Nonimpaired college students (N = 63) were randomly assigned to 1 of 4 feedback groups. Subjects were instructed to perform maximal vertical jumps onto a force plate for 3 testing sessions (baseline, 2-minute post-test, and 1-week post-test). Three feedback groups (augmented, sensory, and control I) were tested during all 3 testing sessions, while a fourth feedback group (control II) was evaluated at only 2 sessions (baseline and 1-week post-test). Subjects in the augmented feedback condition were provided information via video and verbal analysis of how to land softer. Subjects in the sensory feedback condition were asked to use the experience of their baseline jumps to document how they could land softer. Subjects in each of the control groups were not provided any extraneous feedback. Peak vertical ground reaction force data were collected for analysis.

The subjects in the augmented feedback group significantly reduced their peak vertical ground reaction force in both...

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AxIT will make you, Jump, Jump....into the future of assessment

Uncategorized Mar 10, 2019
 
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Effects of Load on Ground Reaction Force and Lower Limb Kinematics During Concentric Squats

research Mar 10, 2019

The purpose of this study was to examine the effects of external load on vertical ground reaction force, and linear and angular kinematics, during squats. Eight males aged 22.1±0.8 years performed maximal concentric squats using loads ranging from 7 to 70% of one-repetition maximum on a force plate while linear barbell velocity and the angular kinematics of the hip, knee and ankle were recorded. Maximum, average and angle-specific values were recorded. The ground reaction force ranged from 1.67±0.20 to 3.21±0.29 times body weight and increased significantly as external load increased (P<0.05). Bar linear velocity ranged from 0.54±0.11 to 2.50±0.50 m·s−1 and decreased significantly with increasing external load (P<0.05). Hip, knee and ankle angles at maximum ground reaction force were affected by external load (P<0.05). The force–barbell velocity curves were fitted using linear models with coefficients (r...

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The Relationship Between Maximal Jump-Squat Power and Sprint Acceleration in Athletes

research Mar 09, 2019

Thirty male athletes [height: 183.8 (6.8) cm, and mass: 90.6 (9.3) kg; mean (SD)] each completed six 10-m sprints from a standing start. Sprint times were recorded using a tethered running system and the force-time characteristics of the first ground contact were recorded using a recessed force plate. Three to six days later subjects completed three concentric jump squats, using a traditional and split technique, at a range of external loads from 30–70% of one repetition maximum (1RM)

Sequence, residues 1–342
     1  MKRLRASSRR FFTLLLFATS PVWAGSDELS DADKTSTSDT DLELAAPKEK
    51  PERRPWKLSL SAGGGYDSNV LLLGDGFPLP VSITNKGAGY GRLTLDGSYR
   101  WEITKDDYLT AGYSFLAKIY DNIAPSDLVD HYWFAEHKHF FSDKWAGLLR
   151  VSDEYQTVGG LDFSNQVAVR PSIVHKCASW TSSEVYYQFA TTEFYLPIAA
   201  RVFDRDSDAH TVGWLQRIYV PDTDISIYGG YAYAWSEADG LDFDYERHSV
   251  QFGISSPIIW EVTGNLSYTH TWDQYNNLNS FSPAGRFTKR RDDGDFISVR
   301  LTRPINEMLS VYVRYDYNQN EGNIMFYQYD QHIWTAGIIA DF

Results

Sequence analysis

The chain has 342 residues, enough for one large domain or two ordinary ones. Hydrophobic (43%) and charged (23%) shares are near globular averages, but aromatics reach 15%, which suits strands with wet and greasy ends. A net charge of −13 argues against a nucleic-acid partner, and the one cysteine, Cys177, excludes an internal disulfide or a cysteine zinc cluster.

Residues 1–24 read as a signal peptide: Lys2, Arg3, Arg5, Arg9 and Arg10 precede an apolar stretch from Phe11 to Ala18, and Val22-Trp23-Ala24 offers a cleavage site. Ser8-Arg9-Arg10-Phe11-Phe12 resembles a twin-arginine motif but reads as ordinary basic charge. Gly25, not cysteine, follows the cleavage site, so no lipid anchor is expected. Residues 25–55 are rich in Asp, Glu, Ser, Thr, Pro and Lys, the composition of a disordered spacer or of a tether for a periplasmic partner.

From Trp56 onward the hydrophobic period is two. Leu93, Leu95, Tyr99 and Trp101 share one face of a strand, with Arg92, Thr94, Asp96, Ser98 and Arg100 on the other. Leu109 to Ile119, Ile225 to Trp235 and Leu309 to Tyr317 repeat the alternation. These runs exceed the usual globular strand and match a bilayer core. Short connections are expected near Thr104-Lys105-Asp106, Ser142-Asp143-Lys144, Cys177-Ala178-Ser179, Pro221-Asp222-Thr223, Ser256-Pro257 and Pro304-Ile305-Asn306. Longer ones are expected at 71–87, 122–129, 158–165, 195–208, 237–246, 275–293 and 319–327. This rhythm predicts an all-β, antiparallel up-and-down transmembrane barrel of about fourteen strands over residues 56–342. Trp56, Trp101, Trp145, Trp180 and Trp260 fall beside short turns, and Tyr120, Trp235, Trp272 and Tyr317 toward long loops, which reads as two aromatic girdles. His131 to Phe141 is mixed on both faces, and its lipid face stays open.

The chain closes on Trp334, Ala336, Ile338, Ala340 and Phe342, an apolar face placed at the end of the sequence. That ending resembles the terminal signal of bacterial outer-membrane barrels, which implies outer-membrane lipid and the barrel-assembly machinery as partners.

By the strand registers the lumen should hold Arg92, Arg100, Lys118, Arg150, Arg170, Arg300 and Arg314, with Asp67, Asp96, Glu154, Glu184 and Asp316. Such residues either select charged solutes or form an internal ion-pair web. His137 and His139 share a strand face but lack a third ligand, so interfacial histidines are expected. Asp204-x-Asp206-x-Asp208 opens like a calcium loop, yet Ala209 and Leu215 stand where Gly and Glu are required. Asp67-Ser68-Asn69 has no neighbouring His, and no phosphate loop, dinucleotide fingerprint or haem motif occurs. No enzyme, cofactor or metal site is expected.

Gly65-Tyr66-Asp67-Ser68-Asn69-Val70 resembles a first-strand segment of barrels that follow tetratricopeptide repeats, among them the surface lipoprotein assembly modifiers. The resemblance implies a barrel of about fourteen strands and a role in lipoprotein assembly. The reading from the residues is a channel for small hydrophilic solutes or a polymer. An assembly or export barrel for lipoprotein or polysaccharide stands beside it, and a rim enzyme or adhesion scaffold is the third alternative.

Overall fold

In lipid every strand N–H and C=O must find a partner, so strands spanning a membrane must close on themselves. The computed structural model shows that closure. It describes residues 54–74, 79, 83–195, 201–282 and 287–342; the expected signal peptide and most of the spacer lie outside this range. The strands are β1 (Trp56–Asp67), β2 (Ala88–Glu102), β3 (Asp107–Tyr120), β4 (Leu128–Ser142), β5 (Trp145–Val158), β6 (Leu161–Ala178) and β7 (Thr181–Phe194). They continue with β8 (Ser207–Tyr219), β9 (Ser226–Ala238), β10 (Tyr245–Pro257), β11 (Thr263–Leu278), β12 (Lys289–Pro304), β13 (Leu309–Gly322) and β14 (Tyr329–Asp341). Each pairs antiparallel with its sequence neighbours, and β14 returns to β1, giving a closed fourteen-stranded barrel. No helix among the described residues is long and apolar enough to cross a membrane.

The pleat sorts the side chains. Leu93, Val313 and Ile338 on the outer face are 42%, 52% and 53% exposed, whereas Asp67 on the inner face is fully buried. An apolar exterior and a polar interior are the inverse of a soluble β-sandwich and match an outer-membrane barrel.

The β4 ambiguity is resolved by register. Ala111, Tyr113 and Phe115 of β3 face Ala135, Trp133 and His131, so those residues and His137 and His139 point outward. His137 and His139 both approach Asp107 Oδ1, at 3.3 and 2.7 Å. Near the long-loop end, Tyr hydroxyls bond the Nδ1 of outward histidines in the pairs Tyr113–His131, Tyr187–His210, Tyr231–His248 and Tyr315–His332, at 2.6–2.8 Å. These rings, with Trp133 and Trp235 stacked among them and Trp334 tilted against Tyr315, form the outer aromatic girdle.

Average power was maximal at all loads between 30% and 60% of 1RM for both squats. Split squat peak power was also maximal between 30% and 60% of 1RM; however, traditional squat peak power was maximal between 50% and 70% of 1RM. Concentric force development is critical to sprint start performance and accordingly maximal concentric jump power is related to sprint acceleration.

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Lower Limb Asymmetry in Mechanical Muscle Function: A Comparison Between Ski Racers With and Without ACL Reconstruction

research Mar 08, 2019

Due to a high incidence of anterior cruciate ligament (ACL) re‐injury in alpine ski racers, this study aims to assess functional asymmetry in the countermovement jump (CMJ), squat jump (SJ), and leg muscle mass in elite ski racers with and without anterior cruciate ligament reconstruction (ACL‐R). Elite alpine skiers with ACL‐R (n = 9; 26.2 ± 11.8 months post‐op) and uninjured skiers (n = 9) participated in neuromuscular screening. Vertical ground reaction force during the CMJ and SJ was assessed using dual force plate methodology to obtain phase‐specific bilateral asymmetry indices (AIs) for kinetic impulse (CMJ and SJ phase‐specific kinetic impulse AI). Dual x‐ray absorptiometry scanning was used to assess asymmetry in lower body muscle mass. Compared with controls, ACL‐R skiers had increased AI in muscle mass (P < 0.001), kinetic impulse AI in the CMJ concentric phase (P < 0.05), and the final...